Co-living has taken off in a big way in big cities abroad such as New York, Los Angeles and London especially amidst a shortage of housing and high property prices. In Singapore, co-living is gaining traction. Popular with young professionals, millennials and expatriates, co-living is a more affordable option than renting a whole apartment.
Millennials are a key driving force behind the co-living trend. The values of millennials are very different from their Baby Boomer parents or from Gen X. They are more concerned about sustainability and are less obsessed with wealth.
Valuing experiences rather than material possessions, they live their lives on social media. It’s no surprise that they have embraced the sharing economy. In today’s world, we can now share car rides, work spaces and living arrangements.
Co-living is a more affordable option of living alone because you don’t have to rent the entire apartment. After all, a single room comes with a less hefty price tag than the entire apartment.
Best of all, rooms are fully furnished, utility bills and wifi (yay, Netflix!) are covered and housekeeping services are provided. They can still use common areas like the living area and kitchenette to cook.
Co-living allows millennials them to get a taste of “adulting”. They will have to maintain the cleanliness of their own rooms, throw away the rubbish, do their own laundry, iron their clothes, buy their own groceries and take care of their own meals. They get to decorate their room according to their own tastes.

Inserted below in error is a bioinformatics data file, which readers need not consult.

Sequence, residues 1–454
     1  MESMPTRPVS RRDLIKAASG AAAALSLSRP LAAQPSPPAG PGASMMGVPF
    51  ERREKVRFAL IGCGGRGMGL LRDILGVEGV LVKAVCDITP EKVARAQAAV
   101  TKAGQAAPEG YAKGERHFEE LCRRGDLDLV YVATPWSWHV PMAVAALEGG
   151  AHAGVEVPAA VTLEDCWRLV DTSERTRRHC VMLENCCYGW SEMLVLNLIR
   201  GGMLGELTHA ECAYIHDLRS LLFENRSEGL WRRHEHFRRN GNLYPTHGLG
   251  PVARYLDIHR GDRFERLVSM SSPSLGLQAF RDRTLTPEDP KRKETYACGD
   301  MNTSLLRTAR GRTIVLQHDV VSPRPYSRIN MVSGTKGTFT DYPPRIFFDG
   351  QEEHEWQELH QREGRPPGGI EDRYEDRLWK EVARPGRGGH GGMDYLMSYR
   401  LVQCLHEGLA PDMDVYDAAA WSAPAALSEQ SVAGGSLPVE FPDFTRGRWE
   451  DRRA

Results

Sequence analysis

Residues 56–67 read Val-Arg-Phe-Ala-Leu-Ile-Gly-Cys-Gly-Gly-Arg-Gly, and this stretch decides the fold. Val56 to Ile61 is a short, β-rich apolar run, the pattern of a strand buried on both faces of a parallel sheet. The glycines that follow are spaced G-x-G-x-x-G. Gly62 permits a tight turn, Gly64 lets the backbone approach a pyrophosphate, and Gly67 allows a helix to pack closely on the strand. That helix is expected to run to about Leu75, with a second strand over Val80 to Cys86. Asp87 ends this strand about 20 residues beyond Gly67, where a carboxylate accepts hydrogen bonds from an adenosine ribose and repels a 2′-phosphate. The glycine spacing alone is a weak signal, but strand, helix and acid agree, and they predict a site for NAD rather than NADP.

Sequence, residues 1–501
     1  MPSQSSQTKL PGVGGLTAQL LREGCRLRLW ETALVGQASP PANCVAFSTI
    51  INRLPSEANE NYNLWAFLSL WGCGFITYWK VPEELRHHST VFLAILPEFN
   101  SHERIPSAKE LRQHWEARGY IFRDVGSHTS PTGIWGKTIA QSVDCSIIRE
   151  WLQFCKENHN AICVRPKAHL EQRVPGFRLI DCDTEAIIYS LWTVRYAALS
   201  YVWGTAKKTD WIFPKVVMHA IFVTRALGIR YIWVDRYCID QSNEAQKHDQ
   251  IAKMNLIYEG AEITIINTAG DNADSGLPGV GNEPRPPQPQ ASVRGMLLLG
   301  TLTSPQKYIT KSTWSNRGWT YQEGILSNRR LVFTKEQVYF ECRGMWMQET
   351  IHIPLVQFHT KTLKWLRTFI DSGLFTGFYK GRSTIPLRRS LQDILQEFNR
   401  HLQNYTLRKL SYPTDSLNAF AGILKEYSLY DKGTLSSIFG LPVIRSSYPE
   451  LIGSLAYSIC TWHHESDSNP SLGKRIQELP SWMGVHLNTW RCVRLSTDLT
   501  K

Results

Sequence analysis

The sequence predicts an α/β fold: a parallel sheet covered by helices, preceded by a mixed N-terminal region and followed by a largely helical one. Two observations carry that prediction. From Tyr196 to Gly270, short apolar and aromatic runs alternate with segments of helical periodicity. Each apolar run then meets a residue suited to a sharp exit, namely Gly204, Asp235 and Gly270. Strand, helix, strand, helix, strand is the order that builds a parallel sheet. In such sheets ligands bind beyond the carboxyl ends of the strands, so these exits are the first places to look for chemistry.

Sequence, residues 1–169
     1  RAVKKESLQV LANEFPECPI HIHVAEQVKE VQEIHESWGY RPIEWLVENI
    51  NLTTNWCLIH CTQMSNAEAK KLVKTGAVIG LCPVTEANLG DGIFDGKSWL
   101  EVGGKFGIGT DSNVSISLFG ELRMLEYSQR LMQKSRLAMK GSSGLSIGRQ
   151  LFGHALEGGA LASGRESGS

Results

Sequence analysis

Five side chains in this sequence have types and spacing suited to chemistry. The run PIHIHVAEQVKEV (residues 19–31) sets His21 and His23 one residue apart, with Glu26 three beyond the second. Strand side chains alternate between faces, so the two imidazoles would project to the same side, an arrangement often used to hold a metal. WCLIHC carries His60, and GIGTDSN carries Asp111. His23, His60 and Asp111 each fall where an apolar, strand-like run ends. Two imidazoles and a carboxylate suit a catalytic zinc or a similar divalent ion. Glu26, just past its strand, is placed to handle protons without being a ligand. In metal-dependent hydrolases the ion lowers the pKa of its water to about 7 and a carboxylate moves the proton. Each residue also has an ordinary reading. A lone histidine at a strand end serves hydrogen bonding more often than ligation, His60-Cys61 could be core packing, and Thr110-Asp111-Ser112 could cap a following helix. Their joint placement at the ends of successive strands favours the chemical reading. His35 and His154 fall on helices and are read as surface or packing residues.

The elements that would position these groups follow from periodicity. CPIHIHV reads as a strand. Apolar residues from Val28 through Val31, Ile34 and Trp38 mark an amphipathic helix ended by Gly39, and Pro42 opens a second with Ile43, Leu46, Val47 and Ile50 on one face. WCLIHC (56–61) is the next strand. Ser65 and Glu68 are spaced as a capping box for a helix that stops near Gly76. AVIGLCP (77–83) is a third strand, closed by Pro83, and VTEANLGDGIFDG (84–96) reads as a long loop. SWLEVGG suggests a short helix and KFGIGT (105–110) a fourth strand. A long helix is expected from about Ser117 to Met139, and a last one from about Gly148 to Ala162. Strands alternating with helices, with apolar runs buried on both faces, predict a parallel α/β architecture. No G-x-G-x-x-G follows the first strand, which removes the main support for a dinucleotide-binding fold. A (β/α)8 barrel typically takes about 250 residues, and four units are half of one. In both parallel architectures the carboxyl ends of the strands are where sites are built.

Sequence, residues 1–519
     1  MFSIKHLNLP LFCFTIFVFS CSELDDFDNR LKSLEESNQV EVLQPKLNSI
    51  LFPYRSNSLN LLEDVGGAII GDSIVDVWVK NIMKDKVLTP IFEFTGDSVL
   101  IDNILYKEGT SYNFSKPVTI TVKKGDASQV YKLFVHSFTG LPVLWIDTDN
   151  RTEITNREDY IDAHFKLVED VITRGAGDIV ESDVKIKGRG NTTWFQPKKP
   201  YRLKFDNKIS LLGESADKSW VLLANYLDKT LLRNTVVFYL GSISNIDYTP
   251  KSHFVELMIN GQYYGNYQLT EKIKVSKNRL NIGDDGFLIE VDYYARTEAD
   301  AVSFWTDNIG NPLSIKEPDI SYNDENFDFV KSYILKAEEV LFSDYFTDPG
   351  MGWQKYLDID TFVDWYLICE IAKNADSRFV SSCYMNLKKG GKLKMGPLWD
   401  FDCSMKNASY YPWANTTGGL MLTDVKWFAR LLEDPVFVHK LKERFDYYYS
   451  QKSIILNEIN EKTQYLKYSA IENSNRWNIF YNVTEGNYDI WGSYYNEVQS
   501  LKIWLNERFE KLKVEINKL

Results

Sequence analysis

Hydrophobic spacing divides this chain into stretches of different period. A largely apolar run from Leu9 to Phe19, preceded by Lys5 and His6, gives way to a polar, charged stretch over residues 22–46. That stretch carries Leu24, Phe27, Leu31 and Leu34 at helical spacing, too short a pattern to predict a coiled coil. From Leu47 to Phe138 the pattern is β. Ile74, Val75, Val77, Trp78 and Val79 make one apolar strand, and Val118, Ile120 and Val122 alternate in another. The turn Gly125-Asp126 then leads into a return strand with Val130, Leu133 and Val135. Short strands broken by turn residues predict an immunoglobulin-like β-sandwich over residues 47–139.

Living alone also forces them to be smart about finances. Take this as kind of like a transition towards independence. And with flexible lease periods, millennials can always move back home if they get tired of “adulting”.
Millennials may have different reasons for moving out of the family home. Besides independent living, some may want to move closer to their workplace (if they have to work physically at their workplace). Others may want the space or privacy to be able to work at home comfortably, especially if they have other family members who also have to work at home at the same time.
Those who have studied or worked abroad and have now returned back to Singapore may also crave the independence that they have been used to while overseas. After all, this harks back to their dorm-living days.
Co-living is also an option for millennial couples who want to take next the step to see whether they are compatible living together. They could also be newly engaged or married and are saving up for their marital home or waiting the construction of their new home to be completed.
While it used to be that children only left the nest when they got married, times are changing and co-living is a new concept of living that millennials are not afraid to embrace.